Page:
Carlton’s major challenge: Curnow and McKay at the right price

As the clubhouse leader in the Coleman Medal race and the game’s most spectacular key forward this year, Charlie Curnow has vastly exceeded market forecasts in his return from more than two years of knee injuries.

Harry McKay flourished in Curnow’s absence in 2021, to the point that McKay became a blue-chip key forward for the first time, winning the Coleman Medal and signing a two-year contract extension.

Harry McKay and Charlie Curnow.Credit:The Age

In 2023, Curnow and McKay – a key forward tandem who represent Carlton’s point of difference from every club, bar Geelong – will enter the season as restricted free agents.

Assuming neither of the pair signs a contract later this year, Carlton will face the challenge of securing both key forwards in the face of monstrous offers from rivals, such as a cashed-up Essendon.

If this is a nice problem in the sense that the Blues possess two high-calibre, tall forwards when several clubs don’t have one, it is also a critical moment for a club that appears well-positioned to contend for premierships from 2023.

In the decade-long history of free agency, this shapes as probably the first occasion when a club has two free agents attracting offers of more than $1 million each in the same year. West Coast went close in 2018, when Jeremy McGovern and Andrew Gaff were both free agents (McGovern got about $5 million over five years, while Gaff spurned a massive North offer).

Charlie Curnow has cemented his standing since his return.Credit:AFL Photos

The outcome of Carlton’s negotiations with Curnow and McKay will be important because the Blues are already carrying hefty contracts for Patrick Cripps (five more years), Sam Walsh (three to go), Jacob Weitering, as well as the extravagant deals that secured both Zac Williams ($700,000-plus) and Mitch McGovern (one year left on an estimated $800,000). Adam Saad, too, didn’t cross from the Bombers on a Dimmey’s deal.

The Blues will wish to avoid the fate of their Sunday opponents, Greater Western Sydney, who’ve been severely hamstrung – and are expected to shed multiple quality players again this October – by the six-year-plus deals handed out to Stephen Coniglio, Josh Kelly, Lachie Whitfield and Toby Greene, all signed on around or within a drop punt of $1 million a season.

What would Curnow and McKay attract? A rival club’s list manager said he would pay Curnow more, despite his history of wounded knees. “Curnow could get more than $1 million a year for six years. In fact, they both could because it depends on how desperate a club gets. If Essendon still have a pile of cash next year, they will offer whatever it takes.”

North have space aplenty, too, as do the Crows. Hawthorn and doubtless others would be willing to offload or retire players to get one of Charlie and Harry, whose share price will be inflated by the scarcity of key forwards. In a market in which Daniel McStay can get up to $600,000 for five years, what’s the younger Curnow worth?

Having splurged on Williams and Saad in 2020 and then acquired Adam Cerra and George Hewett on cheaper rates last October, the Blues expect to be heading back to the draft and focused on retention, eschewing their natural predatory ways.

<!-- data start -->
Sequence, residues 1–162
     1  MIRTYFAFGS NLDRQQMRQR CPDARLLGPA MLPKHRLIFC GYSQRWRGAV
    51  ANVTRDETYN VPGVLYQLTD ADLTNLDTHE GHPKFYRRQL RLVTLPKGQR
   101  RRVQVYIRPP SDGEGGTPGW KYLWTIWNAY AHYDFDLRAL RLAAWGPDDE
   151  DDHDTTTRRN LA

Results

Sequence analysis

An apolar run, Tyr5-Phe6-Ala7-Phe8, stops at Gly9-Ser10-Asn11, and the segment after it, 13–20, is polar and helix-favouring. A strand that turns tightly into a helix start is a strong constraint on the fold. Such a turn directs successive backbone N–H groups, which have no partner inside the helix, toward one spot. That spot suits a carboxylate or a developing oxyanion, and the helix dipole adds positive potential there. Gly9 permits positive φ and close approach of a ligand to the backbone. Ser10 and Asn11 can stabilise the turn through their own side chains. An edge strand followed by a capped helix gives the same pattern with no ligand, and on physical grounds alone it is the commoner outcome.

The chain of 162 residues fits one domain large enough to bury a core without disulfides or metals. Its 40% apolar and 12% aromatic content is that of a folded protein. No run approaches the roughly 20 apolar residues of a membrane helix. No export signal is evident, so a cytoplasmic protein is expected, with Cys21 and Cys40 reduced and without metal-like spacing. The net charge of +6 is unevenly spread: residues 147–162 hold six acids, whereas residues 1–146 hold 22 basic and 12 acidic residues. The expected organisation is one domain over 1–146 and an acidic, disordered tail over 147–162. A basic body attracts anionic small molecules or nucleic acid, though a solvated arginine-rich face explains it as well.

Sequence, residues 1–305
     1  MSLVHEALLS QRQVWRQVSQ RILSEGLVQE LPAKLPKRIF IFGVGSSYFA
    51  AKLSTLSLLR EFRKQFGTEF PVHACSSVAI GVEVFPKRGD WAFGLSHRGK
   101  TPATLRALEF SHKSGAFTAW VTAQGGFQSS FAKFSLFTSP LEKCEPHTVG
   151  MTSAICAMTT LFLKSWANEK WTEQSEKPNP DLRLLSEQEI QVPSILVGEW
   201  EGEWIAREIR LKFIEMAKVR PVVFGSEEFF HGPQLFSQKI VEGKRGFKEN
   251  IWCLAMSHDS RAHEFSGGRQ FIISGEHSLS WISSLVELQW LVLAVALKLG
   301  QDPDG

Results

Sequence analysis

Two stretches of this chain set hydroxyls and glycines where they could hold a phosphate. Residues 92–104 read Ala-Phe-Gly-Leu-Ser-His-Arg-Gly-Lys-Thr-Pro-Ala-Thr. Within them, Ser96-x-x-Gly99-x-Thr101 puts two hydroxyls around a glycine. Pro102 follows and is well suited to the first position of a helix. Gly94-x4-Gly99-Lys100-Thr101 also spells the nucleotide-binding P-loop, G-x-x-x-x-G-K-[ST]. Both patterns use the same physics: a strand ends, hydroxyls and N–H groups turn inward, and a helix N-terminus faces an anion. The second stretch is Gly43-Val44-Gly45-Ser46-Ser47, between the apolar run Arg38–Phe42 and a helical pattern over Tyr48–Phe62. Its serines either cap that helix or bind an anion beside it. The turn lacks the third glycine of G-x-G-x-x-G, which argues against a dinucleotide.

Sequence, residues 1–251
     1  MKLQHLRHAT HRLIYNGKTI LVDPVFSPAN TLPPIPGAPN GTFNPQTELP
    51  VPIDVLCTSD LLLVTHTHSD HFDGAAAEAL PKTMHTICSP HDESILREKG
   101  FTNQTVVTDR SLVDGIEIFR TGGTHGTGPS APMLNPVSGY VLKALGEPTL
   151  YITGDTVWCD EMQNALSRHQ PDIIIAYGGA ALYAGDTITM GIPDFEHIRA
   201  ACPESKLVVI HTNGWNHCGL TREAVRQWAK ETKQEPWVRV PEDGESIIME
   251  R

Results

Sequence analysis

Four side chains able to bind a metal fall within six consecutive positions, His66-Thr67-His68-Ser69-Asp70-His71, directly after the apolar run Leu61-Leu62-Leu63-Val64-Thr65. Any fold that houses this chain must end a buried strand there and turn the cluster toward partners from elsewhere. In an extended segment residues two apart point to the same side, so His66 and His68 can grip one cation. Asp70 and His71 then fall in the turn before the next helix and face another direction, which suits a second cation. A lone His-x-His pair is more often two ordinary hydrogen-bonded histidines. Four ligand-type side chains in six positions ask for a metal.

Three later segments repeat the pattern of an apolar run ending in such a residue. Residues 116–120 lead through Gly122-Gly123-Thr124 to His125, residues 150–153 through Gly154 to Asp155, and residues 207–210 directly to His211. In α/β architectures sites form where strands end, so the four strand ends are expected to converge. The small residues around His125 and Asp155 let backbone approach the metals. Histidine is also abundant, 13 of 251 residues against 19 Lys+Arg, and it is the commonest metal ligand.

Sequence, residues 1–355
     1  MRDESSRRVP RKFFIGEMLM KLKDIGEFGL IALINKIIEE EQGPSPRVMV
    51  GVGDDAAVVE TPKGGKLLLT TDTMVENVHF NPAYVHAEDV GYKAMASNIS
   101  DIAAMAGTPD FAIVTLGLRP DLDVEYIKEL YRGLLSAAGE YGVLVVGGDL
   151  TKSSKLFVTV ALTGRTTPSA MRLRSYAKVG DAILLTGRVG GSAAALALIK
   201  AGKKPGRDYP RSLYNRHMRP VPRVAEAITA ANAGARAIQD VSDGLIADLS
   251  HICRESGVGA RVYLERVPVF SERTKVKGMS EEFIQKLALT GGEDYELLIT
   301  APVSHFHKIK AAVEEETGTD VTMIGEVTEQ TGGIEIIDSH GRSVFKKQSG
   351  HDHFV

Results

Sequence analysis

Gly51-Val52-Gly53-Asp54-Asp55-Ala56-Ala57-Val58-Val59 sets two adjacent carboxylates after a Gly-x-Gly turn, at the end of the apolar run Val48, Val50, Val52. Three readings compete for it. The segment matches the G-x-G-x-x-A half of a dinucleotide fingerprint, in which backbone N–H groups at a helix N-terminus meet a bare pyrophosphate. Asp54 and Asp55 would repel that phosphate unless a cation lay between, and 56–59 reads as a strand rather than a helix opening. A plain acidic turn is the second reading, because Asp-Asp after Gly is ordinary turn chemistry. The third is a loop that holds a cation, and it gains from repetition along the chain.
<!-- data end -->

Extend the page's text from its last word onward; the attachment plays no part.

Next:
Harry McKay is also flying high at Carlton.Credit:Getty Images

Curnow is already paid about $800,000 and McKay is in that postcode, too. The Blues, thus, would be banking on not forking out huge raises.

Old Carlton of more than two decades ago would have solved any salary-cap conundrums via what one might term “undisclosed” payments. Since this has not been a Carlton solution for quite a while, something – or someone – has gotta give.

Players will either give up dollars, or give up being Carlton players.

For Curnow and McKay, the bonds of mateship at the club are strong, as they are for Cripps, Walsh and Weitering. Why would any of those guys leave? I doubt they will. But for Curnow and McKay, the question is more what they’re willing to accept for the cause of keeping the band together?

The Blues will likely need to offer both key forwards at least six-year terms, having done so for Cripps and Williams. Key forwards aren’t as easily found as midfielders or half-back flankers.

The Giants lost Cameron to Geelong and haven’t recovered. They are one cautionary tale, Collingwood are another.

Less than three years have passed since the Pies affirmed that Darcy Moore, Jordan De Goey and Brodie Grundy were the club’s priority signings.

Unfortunately, Collingwood were already burdened with a bunch of excessive contracts – including Adam Treloar’s back-loaded deal – when they signed Grundy to a seven-year deal worth $6.5 million.

Today, the Pies are weighing up whether Grundy can be traded – which would necessitate paying a portion of the five years left, while De Goey’s contract offer has been pulled, and he will be courting offers in his free agent season. Of their priorities of 2019-20, only Moore is certain to remain in 2023.

It has taken until now, after the firesale of 2020 and a precipitous fall, for the Magpies to regain their footing following their self-inflicted trauma.

If those are unpleasant outcomes for Carlton to avoid, there’s one worth emulating – the club that their new chief executive, Brian Cook, ran for 23 years.

Geelong’s capacity to keep players, and to keep refreshing and filling holes like the magic pudding, has been predicated on the Cats’ disciplined approach to contracting and the willingness of players, headed by Tom Hawkins (surely worth a million over the past five seasons) to take what they need, rather than take what they can.

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